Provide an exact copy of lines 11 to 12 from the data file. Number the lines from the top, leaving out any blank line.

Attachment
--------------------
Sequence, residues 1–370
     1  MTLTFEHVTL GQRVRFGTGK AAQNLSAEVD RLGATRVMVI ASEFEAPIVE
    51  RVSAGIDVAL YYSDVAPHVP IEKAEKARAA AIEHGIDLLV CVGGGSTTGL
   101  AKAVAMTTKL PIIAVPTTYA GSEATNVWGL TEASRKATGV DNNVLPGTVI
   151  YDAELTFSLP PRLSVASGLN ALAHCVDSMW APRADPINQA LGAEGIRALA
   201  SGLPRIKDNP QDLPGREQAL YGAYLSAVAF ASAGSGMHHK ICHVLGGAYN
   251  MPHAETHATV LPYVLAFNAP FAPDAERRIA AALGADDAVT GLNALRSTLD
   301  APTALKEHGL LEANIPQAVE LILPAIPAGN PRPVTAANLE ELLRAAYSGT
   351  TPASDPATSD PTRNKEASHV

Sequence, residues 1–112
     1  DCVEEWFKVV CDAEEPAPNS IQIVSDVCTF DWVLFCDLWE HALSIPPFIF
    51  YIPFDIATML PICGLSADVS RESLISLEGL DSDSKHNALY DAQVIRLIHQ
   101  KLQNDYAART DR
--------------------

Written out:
     1  DCVEEWFKVV CDAEEPAPNS IQIVSDVCTF DWVLFCDLWE HALSIPPFIF
    51  YIPFDIATML PICGLSADVS RESLISLEGL DSDSKHNALY DAQVIRLIHQ